Facet disease is believed to play a major role in axial low-back pain and may prove in the future to be an important indication for posterior dynamic stabilization. However, the lack of good diagnostic tests and imaging methods for identifying this condition have made this entity obscure. Although single-photon emission computed tomography (SPECT) imaging is a highly sensitive and specific test, the images frequently lack adequate resolution, whereas computed tomography (CT) provides excellent resolution but lacks specificity. Thirty-seven patients with back pain clinically attributable to facet disease underwent CT-SPECT fusion imaging of the lumbar spine. The SPECT images were obtained using a dual-head gamma camera equipped with VXGP high-resolution collimators using a 20% energy window centered at 140 keV and a 360 degrees rotation totaling 128 projections at 16 seconds each. Transaxial CT images were transferred in the Digital Imaging and Communications in Medicine format to provide proper image overlay in the axial, sagittal, and coronal planes. Scanning for both modalities was performed using standard patient positioning. Patients with concordant images and symptoms then underwent joint injection and/or rhizotomy, which was performed by an independent physician. Image fusion was successfully performed in all patients, and the image quality allowed definitive localization of the "hot" lesion in all cases, in contrast to conventional high-resolution SPECT scanning, which often led to problems differentiating L4/5 and L5/S1. In patients with solitary lesions, injection led to definitive pain resolution, even if temporary, in all cases with anesthetic blockade. The CT-SPECT scanning modality combines the virtues of functional and anatomical imaging, aiding the clinician in making the diagnosis of painful facet arthropathy. This modality may prove useful for the selection of patients who are candidates for posterior dynamic stabilization.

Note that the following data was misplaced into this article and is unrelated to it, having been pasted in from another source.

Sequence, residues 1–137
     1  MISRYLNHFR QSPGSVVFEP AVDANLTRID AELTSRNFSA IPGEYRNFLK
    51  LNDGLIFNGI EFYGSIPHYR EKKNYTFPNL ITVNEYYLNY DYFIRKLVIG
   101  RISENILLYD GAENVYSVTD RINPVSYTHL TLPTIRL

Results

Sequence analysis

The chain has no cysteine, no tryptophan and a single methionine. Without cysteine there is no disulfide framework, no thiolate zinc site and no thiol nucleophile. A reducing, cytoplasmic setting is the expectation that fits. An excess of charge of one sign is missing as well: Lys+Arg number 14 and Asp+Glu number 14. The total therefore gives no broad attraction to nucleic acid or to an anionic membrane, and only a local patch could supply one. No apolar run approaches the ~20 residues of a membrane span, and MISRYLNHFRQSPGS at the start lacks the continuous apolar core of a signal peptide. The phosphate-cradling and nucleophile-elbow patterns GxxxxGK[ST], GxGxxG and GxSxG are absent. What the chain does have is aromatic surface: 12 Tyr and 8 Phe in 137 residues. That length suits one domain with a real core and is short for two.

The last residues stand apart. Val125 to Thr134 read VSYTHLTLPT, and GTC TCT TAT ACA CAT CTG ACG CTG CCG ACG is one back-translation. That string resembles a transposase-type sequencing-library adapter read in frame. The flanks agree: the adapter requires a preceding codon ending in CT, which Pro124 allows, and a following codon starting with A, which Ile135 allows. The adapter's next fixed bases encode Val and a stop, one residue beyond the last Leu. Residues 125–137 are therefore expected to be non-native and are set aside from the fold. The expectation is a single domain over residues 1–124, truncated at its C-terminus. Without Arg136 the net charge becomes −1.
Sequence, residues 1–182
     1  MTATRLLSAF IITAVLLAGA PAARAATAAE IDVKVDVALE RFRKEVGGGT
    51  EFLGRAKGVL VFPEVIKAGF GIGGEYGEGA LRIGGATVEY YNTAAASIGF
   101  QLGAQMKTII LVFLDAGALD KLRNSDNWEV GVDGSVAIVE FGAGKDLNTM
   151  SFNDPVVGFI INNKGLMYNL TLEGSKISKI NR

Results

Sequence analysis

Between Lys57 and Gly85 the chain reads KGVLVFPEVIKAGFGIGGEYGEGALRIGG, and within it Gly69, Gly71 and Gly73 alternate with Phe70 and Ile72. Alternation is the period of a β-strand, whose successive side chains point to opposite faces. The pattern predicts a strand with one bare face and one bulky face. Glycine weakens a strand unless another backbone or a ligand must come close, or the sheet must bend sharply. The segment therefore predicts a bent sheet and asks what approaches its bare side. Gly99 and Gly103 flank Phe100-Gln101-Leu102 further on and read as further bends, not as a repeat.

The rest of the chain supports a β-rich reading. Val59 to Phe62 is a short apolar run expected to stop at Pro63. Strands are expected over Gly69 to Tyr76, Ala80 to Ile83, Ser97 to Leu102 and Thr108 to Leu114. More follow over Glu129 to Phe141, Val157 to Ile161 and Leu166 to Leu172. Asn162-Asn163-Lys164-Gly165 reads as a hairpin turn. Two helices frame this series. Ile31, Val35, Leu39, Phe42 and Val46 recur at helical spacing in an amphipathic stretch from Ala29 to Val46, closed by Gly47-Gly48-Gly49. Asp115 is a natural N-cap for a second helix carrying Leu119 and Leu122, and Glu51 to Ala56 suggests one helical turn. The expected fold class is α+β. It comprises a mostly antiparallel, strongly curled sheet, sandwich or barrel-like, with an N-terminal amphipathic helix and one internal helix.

|Original language||English (US)|
|State||Published - 2007|
ASJC Scopus subject areas
- Clinical Neurology